Vatican Museums are really crowded and vast, there is not enough time to see it in one day. It would be really nice if the Omnia Pass would cover one more entrance, but it unfortunately doesn’t.
The trip from the Fiumicino to the city center will take good hours using public transportation, therefore taking an official taxi might be much faster. On the return trip, note that there is a flat rate from the city and the airport so ask your hotel reception to book it for you.
A good time to visit Rome would be early spring/late autumn, the weather is still very good but the number of tourists decreases slightly. You can get decent weather in Rome as late as November.
St Peter’s Basilica and Vatican Museums
Italians are one of the most religious people I’ve seen. It was amazing to see crowds gathered at the Vatican on a Sunday morning, listening to the sermon. We were also lucky enough to be there at the time the Pope himself made an appearance at the balcony to bless the on-looking crowd.
While visiting St Peter’s Basilica, it is important to go up to the Dome. From the Cupola you will get a glimpse inside the cathedral, but you will also get to see the amazing view over St Peter’s Square. Unfortunately, it was a rainy November day when we visited, therefore the photos don’t do it justice. Up on the roof, you will also get a glimpse of a mysterious network of walking paths connecting the rooftops.
The Vatican has more to offer than just its renowned cathedral: there are also the vast museums, and as I said already, I was really sorry that we didn’t have enough time to enjoy the astonishing art at a normal pace. After an entire day spent there, I felt I didn’t get enough time at the museum, and we didn’t get a chance to see the Vatican’s Gardens.
It was impressive to see Michelangelo’s Sistine Chapel, and it felt important to have an audio or written guide with you in order to understand the symbols and details hidden in the paintings.
I was excited to finally see this landmark of Rome! Being the largest amphitheater ever built, the Colosseum is an impressive building, especially considering that it was built almost two millennia ago.
A short walk away from the Vatican, you will find this cylindrical shaped castle with the statue of an angel at its top. During its long history, the castle went from initially being a mausoleum where ashes of famous Roman emperors were laid to rest, to becoming a military fortress, and later on a papal fortress, residence and prison.
The surroundings of this castle are amazing since the building is located on the Tiber River. From the top, you can see the Vatican and Rome, as also the stunning bridges crossing the river.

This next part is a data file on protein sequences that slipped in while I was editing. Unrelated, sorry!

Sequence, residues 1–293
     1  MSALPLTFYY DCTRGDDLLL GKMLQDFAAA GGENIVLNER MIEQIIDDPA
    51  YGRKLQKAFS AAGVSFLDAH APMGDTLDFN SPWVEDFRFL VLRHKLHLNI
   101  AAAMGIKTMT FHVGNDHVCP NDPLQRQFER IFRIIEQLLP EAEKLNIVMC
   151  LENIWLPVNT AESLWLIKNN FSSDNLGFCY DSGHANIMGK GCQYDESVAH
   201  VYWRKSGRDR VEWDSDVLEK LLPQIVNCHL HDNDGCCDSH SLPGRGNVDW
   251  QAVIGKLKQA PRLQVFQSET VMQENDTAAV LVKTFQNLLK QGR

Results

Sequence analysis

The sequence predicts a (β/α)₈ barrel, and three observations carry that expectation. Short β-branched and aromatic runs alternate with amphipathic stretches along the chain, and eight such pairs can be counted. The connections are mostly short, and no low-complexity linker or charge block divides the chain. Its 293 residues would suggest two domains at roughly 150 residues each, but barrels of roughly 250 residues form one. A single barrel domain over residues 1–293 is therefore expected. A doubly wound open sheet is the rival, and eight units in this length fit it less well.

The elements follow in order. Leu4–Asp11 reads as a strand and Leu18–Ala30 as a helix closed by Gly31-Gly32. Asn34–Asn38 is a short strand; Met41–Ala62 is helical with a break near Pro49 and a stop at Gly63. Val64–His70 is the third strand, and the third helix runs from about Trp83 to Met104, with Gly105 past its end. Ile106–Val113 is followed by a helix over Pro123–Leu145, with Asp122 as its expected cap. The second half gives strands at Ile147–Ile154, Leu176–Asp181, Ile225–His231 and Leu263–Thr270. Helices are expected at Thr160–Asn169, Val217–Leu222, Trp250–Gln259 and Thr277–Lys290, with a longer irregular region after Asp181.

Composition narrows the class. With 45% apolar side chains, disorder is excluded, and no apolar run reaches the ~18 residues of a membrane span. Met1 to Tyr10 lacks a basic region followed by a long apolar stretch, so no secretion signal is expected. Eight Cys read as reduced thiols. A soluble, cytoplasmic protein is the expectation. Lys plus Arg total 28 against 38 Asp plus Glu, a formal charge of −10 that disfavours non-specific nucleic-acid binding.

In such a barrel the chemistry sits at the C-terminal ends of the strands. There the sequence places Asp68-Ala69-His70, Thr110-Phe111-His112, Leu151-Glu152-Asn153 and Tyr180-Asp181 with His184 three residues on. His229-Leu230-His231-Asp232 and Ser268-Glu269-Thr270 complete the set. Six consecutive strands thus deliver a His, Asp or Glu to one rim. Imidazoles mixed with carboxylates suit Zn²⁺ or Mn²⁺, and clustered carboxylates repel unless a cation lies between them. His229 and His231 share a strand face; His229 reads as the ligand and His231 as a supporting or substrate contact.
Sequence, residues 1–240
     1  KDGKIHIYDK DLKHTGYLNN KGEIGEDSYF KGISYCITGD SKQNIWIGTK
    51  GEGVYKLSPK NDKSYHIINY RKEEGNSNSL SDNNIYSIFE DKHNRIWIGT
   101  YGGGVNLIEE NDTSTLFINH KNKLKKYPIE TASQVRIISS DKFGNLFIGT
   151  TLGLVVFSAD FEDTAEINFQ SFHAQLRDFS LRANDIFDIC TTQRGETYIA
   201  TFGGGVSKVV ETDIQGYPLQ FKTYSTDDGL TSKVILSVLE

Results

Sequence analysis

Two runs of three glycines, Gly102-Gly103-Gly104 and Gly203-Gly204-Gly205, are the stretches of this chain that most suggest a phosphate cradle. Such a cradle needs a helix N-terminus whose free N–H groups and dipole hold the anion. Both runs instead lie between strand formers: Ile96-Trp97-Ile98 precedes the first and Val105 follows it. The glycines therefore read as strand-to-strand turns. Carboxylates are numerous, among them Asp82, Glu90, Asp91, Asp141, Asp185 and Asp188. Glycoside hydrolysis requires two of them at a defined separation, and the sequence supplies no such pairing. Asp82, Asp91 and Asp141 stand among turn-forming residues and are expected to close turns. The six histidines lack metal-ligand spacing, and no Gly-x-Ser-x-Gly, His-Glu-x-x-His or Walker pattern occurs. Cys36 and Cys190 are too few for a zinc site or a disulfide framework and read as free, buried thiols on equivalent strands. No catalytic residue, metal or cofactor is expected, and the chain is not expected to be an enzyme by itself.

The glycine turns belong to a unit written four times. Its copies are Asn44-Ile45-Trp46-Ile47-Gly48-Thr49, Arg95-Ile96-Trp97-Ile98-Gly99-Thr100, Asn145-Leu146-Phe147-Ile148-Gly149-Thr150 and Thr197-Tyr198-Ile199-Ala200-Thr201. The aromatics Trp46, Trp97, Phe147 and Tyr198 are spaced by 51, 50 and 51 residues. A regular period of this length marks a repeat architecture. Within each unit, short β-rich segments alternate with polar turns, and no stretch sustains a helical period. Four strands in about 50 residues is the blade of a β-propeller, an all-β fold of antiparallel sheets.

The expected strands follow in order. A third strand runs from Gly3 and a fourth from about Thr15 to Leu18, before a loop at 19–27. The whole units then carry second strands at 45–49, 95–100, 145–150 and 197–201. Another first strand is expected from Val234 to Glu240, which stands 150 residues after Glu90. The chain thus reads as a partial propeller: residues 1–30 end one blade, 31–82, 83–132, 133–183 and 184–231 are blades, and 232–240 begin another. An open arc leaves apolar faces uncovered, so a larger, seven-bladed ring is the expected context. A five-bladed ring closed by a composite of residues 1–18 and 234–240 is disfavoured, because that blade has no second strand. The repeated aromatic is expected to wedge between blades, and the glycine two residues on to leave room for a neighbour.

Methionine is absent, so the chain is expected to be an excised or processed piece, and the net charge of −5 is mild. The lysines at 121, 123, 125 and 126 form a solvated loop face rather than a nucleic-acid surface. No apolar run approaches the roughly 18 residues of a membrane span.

There is also a passage that connects the castle with St Peter’s Basilica. It was built so that the pope could escape the castle in case of an attack. We were very curious to cross this passage, but it was of course closed to the public 🙂
A short walk from the Colosseum will take you to the Palatine Hill, the oldest part of the ancient city. It is said that this is the place where Romulus founded the original city of Rome. Here, you can take a stroll among the ancient ruins and enjoy the breathtaking views over the city – the Palatine Hill being one of the seven hills on which Rome was built. The downside is that this is quite a large area to cover, so it will take you a couple of hours to explore it. Wear some comfortable shoes 🙂
The Roman Forum is a large square that once hosted the most important buildings of Ancient Rome. Everything that was of a high importance was built in or around this square, and you can still see surviving ruins of the main temples and basilicas. The area is no doubt extremely beautiful even today.
Fontana di Trevi
This beautiful fountain is probably the best known fountain in the world!
If you haven’t heard the story yet, it is said that if you throw a coin in the fountain with your right hand over your left shoulder, you will one day return to Rome. I hope the legend is true, since I would really like to see Rome again someday 😉
This ancient, famous temple is a church today and it is one of the best preserved buildings of Ancient Rome. Although there are large crowds both inside and outside the Pantheon at any hour, it is possible to enter when there are no mass services.
After watching Roman Holiday I promised myself that I’ll one day go to Rome and I’ll take a photo on those steps! Unfortunately, it wasn’t meant to be this time, since the landmark was undergoing renovation work. Although I couldn’t get my iconic photo, Piazza di Spagna, where the steps are located, is one of the most vibrant and coziest places in the city. It is definitely worth seeing.
Without mentioning yet one more time how inspired I felt by the city of Rome, I would close by simply saying that Rome might seem too much a classical and predictable destination for many, but I don’t think there will ever be enough time for a traveler to experience everything this eternal city has to offer 🙂